|Series Theme: Jesus Christ, the Son of God|
|Meditation No. 6|
|Meditation Title: The Messiah|
Luke 2:8-12 And there were shepherds living out in the fields nearby, keeping watch over their flocks at night. An angel of the Lord appeared to them, and the glory of the Lord shone around them, and they were terrified. But the angel said to them, "Do not be afraid. I bring you good news of great joy that will be for all the people. Today in the town of David a Savior has been born to you; he is Christ the Lord. This will be a sign to you: You will find a baby wrapped in cloths and lying in a manger."
Today's verses, our friendly sceptic will soon notice, doesn't actually proclaim Jesus as God's unique Son, but we include it for another reason. Yes, this passage does speak more about the Messiah or Christ but we should consider what that reference to Jesus meant, and also take note of what was happening as recorded in the events surrounding his birth.
First of all let's consider the question of Jesus as Messiah or Christ. They are simply Hebrew and Greek terms for the same role, that of “the anointed one” for that is what both words mean, one anointed by God to perform a special task. Jews today will naturally deny that Jesus was their Messiah and still expect their Messiah to come. This is somewhat natural because they, as a people rejected him two thousand years ago and were part of the partnership (Jew & Gentile partnership – the Romans being the Gentile partner) that rejected, falsely tried and crucified him. This together with a desire for righteousness by good deeds has produced what the apostle Paul, a Jew himself, ‘a hardening' (Rom 11:25) which continues to reject Jesus as Messiah. We should always remember that this is them as a nation and not individuals, because the whole of the early church was initially made up of Jews and still today Jews become ‘completed Jews' or Christians.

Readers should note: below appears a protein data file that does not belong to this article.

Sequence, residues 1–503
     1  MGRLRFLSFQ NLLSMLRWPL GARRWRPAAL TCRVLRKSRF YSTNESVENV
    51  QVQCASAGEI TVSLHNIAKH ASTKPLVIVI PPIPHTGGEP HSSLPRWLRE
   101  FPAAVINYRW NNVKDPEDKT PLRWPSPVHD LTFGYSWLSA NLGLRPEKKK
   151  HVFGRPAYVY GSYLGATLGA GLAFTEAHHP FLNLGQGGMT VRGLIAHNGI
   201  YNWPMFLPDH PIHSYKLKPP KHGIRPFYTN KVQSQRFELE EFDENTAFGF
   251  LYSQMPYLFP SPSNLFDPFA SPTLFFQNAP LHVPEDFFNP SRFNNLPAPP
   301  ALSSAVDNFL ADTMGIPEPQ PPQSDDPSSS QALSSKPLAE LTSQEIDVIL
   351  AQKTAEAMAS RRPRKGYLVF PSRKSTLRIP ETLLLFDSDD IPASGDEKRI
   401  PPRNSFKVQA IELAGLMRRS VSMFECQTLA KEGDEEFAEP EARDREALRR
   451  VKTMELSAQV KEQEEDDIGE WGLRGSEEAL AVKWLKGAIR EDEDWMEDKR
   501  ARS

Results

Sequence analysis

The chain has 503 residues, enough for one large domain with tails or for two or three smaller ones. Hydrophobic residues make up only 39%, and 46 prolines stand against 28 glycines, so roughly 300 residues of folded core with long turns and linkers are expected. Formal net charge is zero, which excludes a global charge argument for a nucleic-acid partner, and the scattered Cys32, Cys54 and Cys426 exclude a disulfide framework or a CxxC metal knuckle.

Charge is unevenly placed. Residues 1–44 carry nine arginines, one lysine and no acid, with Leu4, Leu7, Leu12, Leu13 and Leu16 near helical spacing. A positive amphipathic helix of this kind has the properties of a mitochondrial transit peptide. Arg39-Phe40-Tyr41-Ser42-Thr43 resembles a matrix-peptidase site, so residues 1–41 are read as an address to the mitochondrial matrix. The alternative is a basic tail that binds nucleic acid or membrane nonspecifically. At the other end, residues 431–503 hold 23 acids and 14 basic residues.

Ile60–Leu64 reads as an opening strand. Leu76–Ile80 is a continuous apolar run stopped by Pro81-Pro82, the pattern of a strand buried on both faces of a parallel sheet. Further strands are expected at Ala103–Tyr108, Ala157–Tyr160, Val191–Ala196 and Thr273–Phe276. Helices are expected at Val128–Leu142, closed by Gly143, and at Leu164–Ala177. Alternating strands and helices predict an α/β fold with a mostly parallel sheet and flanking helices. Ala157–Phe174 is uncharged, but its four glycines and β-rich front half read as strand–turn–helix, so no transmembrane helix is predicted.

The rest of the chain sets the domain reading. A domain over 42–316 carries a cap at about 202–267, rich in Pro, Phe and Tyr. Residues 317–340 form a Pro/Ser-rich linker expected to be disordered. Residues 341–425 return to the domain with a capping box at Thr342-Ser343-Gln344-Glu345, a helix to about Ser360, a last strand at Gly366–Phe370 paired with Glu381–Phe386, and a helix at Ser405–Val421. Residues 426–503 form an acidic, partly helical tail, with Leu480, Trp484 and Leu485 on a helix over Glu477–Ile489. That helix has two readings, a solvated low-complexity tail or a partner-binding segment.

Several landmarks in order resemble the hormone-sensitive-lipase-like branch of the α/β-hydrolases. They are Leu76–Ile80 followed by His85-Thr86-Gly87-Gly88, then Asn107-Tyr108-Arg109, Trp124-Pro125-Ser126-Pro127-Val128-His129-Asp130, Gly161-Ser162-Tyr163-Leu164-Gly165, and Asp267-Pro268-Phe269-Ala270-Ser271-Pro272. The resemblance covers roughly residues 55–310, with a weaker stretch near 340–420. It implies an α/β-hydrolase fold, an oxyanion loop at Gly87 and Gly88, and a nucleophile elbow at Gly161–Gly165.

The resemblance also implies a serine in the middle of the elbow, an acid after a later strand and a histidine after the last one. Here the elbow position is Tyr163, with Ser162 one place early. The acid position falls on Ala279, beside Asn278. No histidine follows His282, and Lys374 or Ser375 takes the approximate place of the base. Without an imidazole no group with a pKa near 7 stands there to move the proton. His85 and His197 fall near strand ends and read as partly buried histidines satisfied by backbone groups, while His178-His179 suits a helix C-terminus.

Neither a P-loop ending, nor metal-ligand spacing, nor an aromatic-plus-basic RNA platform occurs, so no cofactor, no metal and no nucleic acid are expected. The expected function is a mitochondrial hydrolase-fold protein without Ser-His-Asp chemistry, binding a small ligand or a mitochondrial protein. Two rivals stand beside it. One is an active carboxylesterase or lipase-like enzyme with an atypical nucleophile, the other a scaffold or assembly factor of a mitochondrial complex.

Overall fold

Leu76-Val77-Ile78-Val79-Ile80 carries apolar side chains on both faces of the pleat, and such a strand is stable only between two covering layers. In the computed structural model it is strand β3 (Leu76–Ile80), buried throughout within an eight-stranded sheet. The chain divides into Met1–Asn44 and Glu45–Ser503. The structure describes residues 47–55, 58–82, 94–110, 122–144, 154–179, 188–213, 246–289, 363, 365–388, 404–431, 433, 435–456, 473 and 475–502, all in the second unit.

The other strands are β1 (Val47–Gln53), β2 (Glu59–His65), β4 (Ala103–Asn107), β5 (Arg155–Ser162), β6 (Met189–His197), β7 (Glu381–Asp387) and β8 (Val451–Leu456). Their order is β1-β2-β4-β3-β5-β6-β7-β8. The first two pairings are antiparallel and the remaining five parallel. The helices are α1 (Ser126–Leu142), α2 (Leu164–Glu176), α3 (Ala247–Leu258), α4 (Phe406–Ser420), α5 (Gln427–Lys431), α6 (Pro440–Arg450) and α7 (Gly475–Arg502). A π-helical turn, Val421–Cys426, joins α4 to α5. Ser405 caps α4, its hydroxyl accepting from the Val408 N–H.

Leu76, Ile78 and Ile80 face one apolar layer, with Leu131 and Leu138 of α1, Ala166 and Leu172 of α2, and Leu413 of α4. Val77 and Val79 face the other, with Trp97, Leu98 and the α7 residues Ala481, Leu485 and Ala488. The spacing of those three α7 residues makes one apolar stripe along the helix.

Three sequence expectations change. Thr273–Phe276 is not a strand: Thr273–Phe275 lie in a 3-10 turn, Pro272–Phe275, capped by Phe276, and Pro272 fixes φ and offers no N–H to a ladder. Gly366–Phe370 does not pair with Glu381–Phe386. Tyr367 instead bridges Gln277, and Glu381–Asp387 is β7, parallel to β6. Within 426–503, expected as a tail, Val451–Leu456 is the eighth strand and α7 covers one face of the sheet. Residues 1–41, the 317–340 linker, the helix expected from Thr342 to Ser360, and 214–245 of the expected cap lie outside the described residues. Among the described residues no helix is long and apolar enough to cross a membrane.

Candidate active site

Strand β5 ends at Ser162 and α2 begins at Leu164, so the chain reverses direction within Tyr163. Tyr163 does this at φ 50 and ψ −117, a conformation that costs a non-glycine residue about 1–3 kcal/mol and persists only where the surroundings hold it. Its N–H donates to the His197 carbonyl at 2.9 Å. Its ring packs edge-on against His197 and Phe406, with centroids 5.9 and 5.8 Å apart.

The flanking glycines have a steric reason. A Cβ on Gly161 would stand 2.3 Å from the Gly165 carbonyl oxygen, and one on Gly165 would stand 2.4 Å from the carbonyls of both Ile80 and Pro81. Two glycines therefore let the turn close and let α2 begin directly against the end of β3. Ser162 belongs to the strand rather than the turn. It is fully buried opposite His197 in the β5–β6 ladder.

Throughout the Old Testament period there had been disputes about the nature of ‘the Coming One'. The prophetic Scriptures clearly indicated there was going to come one from God who would save His people, but the nature of this ‘Coming One' was unclear. Some Scriptures seemed to describe him as a suffering servant, while others described him as a conquering king. The academics never realised that he would, in fact, be both and that Jesus perfectly fulfilled all of these prophecies of which there are over three hundred in the Old Testament.
So there might be a case to be made that Jesus was simply to be the Saviour of the Jewish people. Indeed Matthew, recording the dream Joseph received, seeing an angel come to him, records Joseph as hearing the angel say to him, “you are to give him the name Jesus because he will save his people from their sins.” (Mt 1:21). Jesus is the Greek form of ‘Joshua' which means ‘the Lord saves', so they could have understood that Jesus just came as a delivers, to save the literal people of Israel, and only them, but therein there is a problem! He didn't. When he died the people, as a nation, were unchanged. They were still under the occupation of the Roman oppressors. So if he was to be a Messiah who delivered the nation of Israel from under the hand of Rome, he certainly failed!